We had our first family ski vacation after the Christmas holiday. Sara is quite adept on the slopes and is an experienced skier. For the rest of us boys (5, 7, 9, 12 and me the elder 40something), it was all new learning. I suffered through a day and a half finding my feet and learning how to maneuver the skis just to execute the most basic moves such as "the wedge" so I could stop and how to stand on an incline without shooting forward or ending up skiing backwards. I'm not going to kid you, I was a danger to myself and others on the slopes for at least the first half of our time out there in Colorado.
My ski instructor the first day was a grizzled veteran named Alice (sun-bleached hair, a weathered, wind-burnt face and a commanding voice that could bring everyone on the mountainside to attention with one bark). She repeatedly took my poles from me because she was insistent that everything I needed to be able to do could be mastered just by lifting my feet and turning my ankles. I wanted to believe her but was mostly just angry she took my gear away!
I learned a great deal about skiing and was reminded of what being a lifelong learner actually means during our two and a half days on the slopes. Here are the essentials I took from the experience:
1. Sometimes prior learning is just interference. As adults, we often convince ourselves that our prior knowledge is sufficient to get us through any new situation we encounter. It's not, and sometimes it actually gets in the way of new learning. I water ski - and can do so somewhat proficiently, but I quickly learned that not much about skiing on water translates to what one needs to know to ski on snow. Posture, balance, position - all quite different. Life lesson: there's no substitute for doing it.
2. The true emotional countenance of the learner is MODESTY. I was very humbled out there. I think it is good for adults to occasionally experience a situation like that. Again, most of us spend most of our time in our comfort zones - whether that's physical or mental. I'm fine on a treadmill at the Y or a long run on the trails. But put me on skis on snow and I could barely stand up. I wasn't in peril on the slopes, but I was woefully pathetic at this for a while. I had to work hard to execute basic turns and stops - while children a quarter my age whizzed right by and others two decades older than me went swooshing past with the greatest of ease. A good lesson in acceptance.
3. Frustration occurs when your ability to process new information and make sense of it in a timely manner is overwhelmed. Frustration can be valuable, but only if the learner can recognize frustration, stop the scenario playing out, and then subtask. I had a meltdown on the mountain morning of day two. An emotional meltdown. I had careened to the side, tumbled hard near some trees, and my left ski came off. For some reason, for several minutes I could not sort through (a) my anger at my ineptitude (b) how to snap my ski back on without sliding away from it because I already had one ski on (c) how I was ever going to get down the rest of the run without a similar mishap. I sent one ranting text to my wife and sat and seethed. But after I stopped seeing red, I was able to breathe deep, take one step at a time, knock the snow off my boot, get latched back onto the ski, and go.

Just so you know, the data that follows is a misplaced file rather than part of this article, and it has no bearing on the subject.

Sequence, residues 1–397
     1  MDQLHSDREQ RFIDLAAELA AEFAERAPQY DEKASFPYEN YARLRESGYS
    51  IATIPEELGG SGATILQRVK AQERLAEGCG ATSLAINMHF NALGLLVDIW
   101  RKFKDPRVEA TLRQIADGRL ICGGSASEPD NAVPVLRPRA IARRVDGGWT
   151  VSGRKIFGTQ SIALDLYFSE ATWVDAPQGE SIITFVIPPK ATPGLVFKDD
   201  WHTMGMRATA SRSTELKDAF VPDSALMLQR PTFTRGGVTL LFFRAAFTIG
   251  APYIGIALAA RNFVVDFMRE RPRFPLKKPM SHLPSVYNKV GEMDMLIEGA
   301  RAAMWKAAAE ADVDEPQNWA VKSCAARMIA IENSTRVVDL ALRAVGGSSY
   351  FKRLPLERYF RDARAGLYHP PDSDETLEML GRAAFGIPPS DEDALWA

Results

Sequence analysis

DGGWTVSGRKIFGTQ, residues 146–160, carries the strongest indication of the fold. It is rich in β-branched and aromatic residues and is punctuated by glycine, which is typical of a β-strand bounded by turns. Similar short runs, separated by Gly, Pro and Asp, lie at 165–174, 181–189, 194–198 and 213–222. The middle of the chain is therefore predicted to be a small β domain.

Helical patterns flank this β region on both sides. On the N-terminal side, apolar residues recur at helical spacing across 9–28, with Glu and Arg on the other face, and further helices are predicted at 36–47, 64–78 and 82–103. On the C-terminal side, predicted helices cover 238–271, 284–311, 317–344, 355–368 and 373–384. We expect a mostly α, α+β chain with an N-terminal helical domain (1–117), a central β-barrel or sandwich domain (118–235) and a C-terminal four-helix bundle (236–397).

4. Age should not be a barrier to new learning, but kids are more willing to take risks than adults. We should commend our kids for the courage and capacity they show every day in the classroom and in life, encountering new situations and learning through them. I think it is entirely possible for adults to embrace the values of lifelong learning (experiment, try new things, get out there, go for it!) but that does not mean it is easy to do so. To the contrary, I think that our prior knowledge base leads us to a life of habit and routine. We become very accustomed to the patterns we set for ourselves, and we are reluctant to deviate from those patterns. What I was awed at with kids on the slopes -the amazing young people out there- was how they were not afraid to biff, bail, crash, wipe out, or otherwise wreck - and just get back up and get going again. Just to be able to balance on a snowboard while coasting downhill rocking heel-to-toe? Wow. That perseverance is something we should all strive to demonstrate, in schooling and in life.
5. The bunny slope does not prepare you for life on the mountain, kids. I learned that one the hard way, but I think it's applicable to our schooling and life situations, too. I got real comfortable day one riding the conveyor belt up to the top of the tiny bunny run and gliding to the bottom (about 15 yards total). Heck, the grade on the decline was nothin'! Of course, it wasn't until I rode an actual lift up and stood staring down a mountainside run of several hundred yards of a comparatively much steeper descent that I actually realized this. Life lesson: no matter how challenging or rewarding the classroom experience is, it's not the real deal. Ultimately, the real lessons of life are harsher (and also much more rewarding) than the controlled artificial ones we create in our schools - whether academic schools or ski schools.
Did you have some great life lessons from an experience you recently shared with your family? Whether it was a vacation trip or a personal goal you were questing after, I would be interested in hearing what you took from that experience. I share these lessons above because I think it is important for all of us who are parents and educators to remember how challenging learning can be, and to keep encouraging our children to keep after it - while we continue to pursue our adult learning goals. Here's to you achieving your most important life goals in 2010.